German crime rate is the lowest it has been in 30 years, even with "migrant" crime factored in!

    https://www.thelocal.de/20180509/what-we-learned-from-this-years-crime-statistics-and-what-we-didnt

    Accounting for the above variables, the study concluded by illustrating that refugees (note by me: refugees does NOT mean foreigners/non-native), refugees are far less likely to commit crimes than the population as a whole. This reflects similar studies conducted elsewhere, which have indicated that immigrant populations on the whole are less likely to commit crimes than locals.

    https://www.thelocal.de/20181221/st...k-between-foreigners-refugees-and-criminality

    https://www.nytimes.com/interactive/2018/03/30/upshot/crime-immigration-myth.html

    Police crime statistics

    https://www.bka.de/EN/CurrentInformation/PoliceCrimeStatistics/policecrimestatistics_node.html

    Foreigners more likely to be suspect in crime regardless of involvement:

    https://www.thelocal.de/20170926/wh...likely-to-be-suspects-in-sexual-assault-cases

    On rape:

    To answer these questions, DER SPIEGEL reviewed crime statistics, interviewed police officials, consulted academic experts and analyzed around 450 online news reports about purported sex crimes alleged to have been committed by asylum-seekers and immigrants. Our reporters also visited police stations, public prosecutors and courts to uncover the background behind the news reports and the ultimate outcome of any proceedings. Some cases were revisited up to five different times and in several instances, reporters also met with people involved in the cases for background interviews. The reporters then analyzed the documents and information together with data-journalism specialists and fact-checkers.

    When the term "rape" comes up, many people instinctively think of an unknown assailant pulling women into the bushes at night. But according to calculations by the Center for Criminology, a research institute run by Germany's federal government in conjunction with state governments, the alleged perpetrator is only a stranger in one-fifth of all reported rapes and serious sexual assaults. Most often, the alleged perpetrator is an acquaintance, friend or relative.

    So much for the shadowy "rapefugee". Almost all rape still happens in toxic relationships, marriages, sexualized friendships..

    The panel exists because Bavarian Interior Minister Joachim Herrmann announced shortly before the German federal election last September that the number of rapes and serious sexual abuses had risen in Bavaria during the first half of 2017 by 47.9 percent. He said 126 of the 685 crimes could be attributed to immigrants, 91 percent more than in the same period the previous year. The latter statistic roughly reflects the findings of the BKA, but the Bavarian crime statistics additionally count those who have been granted asylum as part of its figures for the category of immigrants.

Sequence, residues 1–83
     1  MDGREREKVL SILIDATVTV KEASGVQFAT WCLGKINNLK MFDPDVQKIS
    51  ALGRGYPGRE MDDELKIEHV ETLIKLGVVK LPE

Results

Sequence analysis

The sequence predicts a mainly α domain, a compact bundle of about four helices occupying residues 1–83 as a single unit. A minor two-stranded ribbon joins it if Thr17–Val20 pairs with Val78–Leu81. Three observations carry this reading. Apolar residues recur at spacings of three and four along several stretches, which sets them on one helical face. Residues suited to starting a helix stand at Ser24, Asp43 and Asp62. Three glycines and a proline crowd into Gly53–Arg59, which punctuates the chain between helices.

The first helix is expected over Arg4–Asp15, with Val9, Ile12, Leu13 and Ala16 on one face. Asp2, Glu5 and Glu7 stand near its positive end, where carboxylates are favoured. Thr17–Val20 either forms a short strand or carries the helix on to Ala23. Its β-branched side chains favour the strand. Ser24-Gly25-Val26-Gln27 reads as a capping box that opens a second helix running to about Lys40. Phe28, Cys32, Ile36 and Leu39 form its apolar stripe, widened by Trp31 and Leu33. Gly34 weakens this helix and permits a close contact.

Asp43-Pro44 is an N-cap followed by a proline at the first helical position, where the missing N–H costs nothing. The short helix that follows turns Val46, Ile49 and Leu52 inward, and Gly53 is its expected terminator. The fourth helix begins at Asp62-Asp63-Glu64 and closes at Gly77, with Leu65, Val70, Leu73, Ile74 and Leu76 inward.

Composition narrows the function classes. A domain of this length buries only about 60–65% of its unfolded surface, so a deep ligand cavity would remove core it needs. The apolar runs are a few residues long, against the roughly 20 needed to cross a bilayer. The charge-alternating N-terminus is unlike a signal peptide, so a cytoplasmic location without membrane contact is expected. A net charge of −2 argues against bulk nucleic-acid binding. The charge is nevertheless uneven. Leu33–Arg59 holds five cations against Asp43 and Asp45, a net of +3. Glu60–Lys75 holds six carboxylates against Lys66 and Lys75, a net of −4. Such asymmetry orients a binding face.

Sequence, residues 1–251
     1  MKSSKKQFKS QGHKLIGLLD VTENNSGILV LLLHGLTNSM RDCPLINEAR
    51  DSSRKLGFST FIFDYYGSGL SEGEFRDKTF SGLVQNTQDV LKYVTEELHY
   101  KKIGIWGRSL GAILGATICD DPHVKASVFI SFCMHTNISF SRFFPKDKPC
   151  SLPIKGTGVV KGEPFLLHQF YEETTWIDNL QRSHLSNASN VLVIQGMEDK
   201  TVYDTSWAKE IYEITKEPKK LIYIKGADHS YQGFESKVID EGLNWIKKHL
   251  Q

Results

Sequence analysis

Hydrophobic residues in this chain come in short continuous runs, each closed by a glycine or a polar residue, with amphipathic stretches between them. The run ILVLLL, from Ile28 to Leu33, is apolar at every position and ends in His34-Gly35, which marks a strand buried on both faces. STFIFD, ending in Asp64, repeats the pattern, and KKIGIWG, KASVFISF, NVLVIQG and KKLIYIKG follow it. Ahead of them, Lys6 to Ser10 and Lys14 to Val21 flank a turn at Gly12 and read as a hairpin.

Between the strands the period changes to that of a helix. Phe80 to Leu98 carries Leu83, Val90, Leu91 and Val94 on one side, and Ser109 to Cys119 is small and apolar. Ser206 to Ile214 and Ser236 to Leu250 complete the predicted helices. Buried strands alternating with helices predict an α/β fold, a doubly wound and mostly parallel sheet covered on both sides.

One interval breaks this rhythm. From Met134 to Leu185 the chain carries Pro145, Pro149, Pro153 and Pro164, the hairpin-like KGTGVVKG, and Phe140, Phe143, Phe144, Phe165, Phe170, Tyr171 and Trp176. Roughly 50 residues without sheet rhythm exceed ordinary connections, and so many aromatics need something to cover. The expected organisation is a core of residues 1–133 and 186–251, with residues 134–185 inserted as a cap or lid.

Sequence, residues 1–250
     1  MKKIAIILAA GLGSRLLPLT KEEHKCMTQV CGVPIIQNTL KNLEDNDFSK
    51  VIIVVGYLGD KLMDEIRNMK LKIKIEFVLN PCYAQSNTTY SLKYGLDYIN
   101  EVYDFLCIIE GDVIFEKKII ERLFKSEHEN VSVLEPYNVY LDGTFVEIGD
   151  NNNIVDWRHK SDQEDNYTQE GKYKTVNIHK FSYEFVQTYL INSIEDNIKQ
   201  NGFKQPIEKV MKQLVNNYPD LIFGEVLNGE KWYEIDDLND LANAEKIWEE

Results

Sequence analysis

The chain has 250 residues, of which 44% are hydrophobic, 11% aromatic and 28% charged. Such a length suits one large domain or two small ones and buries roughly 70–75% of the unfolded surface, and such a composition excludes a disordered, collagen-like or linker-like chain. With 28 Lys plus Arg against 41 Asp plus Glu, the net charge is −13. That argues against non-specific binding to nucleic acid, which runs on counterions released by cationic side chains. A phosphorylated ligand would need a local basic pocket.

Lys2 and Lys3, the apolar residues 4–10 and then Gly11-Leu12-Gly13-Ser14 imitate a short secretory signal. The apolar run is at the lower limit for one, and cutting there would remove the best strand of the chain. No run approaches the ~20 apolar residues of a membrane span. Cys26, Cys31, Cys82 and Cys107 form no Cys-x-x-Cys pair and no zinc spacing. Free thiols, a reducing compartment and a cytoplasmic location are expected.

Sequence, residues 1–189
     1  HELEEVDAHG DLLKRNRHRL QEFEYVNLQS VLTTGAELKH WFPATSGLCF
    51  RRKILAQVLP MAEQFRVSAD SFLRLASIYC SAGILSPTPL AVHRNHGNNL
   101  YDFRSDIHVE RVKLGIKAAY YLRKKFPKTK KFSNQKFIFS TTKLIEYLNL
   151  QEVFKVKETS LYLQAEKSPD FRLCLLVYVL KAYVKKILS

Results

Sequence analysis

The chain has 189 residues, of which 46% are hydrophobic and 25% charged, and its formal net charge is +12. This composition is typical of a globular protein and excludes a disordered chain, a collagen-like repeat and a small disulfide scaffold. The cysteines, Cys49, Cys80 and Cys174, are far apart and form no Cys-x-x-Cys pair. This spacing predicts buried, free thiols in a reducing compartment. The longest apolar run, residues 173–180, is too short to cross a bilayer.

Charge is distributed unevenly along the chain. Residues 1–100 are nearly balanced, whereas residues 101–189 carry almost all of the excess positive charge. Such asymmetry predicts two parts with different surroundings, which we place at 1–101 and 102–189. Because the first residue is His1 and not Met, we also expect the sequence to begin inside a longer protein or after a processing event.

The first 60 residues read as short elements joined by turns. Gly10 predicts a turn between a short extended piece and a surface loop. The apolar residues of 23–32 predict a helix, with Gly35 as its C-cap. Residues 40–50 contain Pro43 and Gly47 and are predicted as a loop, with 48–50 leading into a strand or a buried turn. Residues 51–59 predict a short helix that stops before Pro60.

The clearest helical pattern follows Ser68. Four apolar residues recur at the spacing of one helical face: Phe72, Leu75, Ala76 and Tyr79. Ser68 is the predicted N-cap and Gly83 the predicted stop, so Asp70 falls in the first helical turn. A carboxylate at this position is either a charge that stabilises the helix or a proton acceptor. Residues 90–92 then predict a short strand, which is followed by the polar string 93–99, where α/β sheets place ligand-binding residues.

tl;dr: Reportings (that is the metric that is counted) of rape have increased significantly, yet immigrants commit roughly 1/5th of the sexual assaults. So they alone cannot account for that increase numerically. Does that mean that Germans are much more likely to rape in 2017 than they were in 2016? No, it doesn't. What really happened is that after Köln many German women realized that being groped did count as sexual assault. most were oblivious, and many judges simply counted groping as "insulting" or some other absolute minor charge. But that has changed, luckily.

    unless you want to believe that German's are getting significantly more rapey every year while somehow crime statistics on the whole are falling, you have to concede the point that rape statistics are inflated (note: for good reason), because what does or does not count as rape has changed significantly in the last decade, and even the last few years.

    huh, weird isn't it? you somehow cannot produce a single English speaking source on your "statistics", meanwhile I google around for two minutes and find official sources undermining my point. :)
     
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  15. Hehehe

    Hehehe Chieftain

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    You do realize that anecdotes aren't valid data, right?

    And how does importing unemployable people, who are a net drain, help that shift? If anything, it just makes things worse

    I'm just going to skip all of that, since it's not in English. That's fair right?

    Yes, that is exactly how grooming gangs operate. This isn't a refutation. Give me a breakdown by nationality.